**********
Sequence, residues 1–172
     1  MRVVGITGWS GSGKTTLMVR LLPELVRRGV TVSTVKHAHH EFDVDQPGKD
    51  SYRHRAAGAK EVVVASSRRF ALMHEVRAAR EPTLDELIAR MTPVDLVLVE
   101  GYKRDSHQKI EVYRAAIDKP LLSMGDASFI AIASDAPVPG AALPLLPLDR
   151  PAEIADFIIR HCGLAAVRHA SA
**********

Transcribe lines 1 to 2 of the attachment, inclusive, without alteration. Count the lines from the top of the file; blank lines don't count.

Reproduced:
Sequence, residues 1–172
     1  MRVVGITGWS GSGKTTLMVR LLPELVRRGV TVSTVKHAHH EFDVDQPGKD